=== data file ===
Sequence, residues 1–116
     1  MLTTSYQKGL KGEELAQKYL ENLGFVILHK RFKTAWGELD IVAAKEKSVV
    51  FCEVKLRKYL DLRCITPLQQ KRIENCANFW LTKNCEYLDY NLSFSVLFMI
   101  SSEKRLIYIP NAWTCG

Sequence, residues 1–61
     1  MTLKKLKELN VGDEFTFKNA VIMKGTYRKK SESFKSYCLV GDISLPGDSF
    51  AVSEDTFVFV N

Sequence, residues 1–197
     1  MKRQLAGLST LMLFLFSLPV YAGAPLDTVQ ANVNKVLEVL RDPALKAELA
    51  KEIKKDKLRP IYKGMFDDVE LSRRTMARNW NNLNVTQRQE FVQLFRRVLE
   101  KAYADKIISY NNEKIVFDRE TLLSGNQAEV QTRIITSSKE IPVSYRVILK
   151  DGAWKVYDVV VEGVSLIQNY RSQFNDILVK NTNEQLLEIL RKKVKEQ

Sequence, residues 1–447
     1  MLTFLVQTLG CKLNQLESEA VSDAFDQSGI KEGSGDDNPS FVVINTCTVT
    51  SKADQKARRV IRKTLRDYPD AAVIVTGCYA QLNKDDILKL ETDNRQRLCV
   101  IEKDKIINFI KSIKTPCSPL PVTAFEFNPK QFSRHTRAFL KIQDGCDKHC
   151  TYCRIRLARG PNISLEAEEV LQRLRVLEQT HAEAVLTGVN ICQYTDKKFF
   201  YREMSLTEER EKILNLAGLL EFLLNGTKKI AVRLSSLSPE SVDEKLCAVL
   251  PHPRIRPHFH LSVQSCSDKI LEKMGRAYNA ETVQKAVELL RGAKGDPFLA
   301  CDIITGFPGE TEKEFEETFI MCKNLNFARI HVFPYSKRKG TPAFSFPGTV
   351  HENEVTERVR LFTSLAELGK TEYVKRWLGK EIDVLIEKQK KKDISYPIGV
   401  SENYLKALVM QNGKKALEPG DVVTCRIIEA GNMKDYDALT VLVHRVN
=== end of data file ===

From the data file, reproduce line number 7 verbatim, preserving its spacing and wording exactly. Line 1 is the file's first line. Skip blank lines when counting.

    51  AVSEDTFVFV N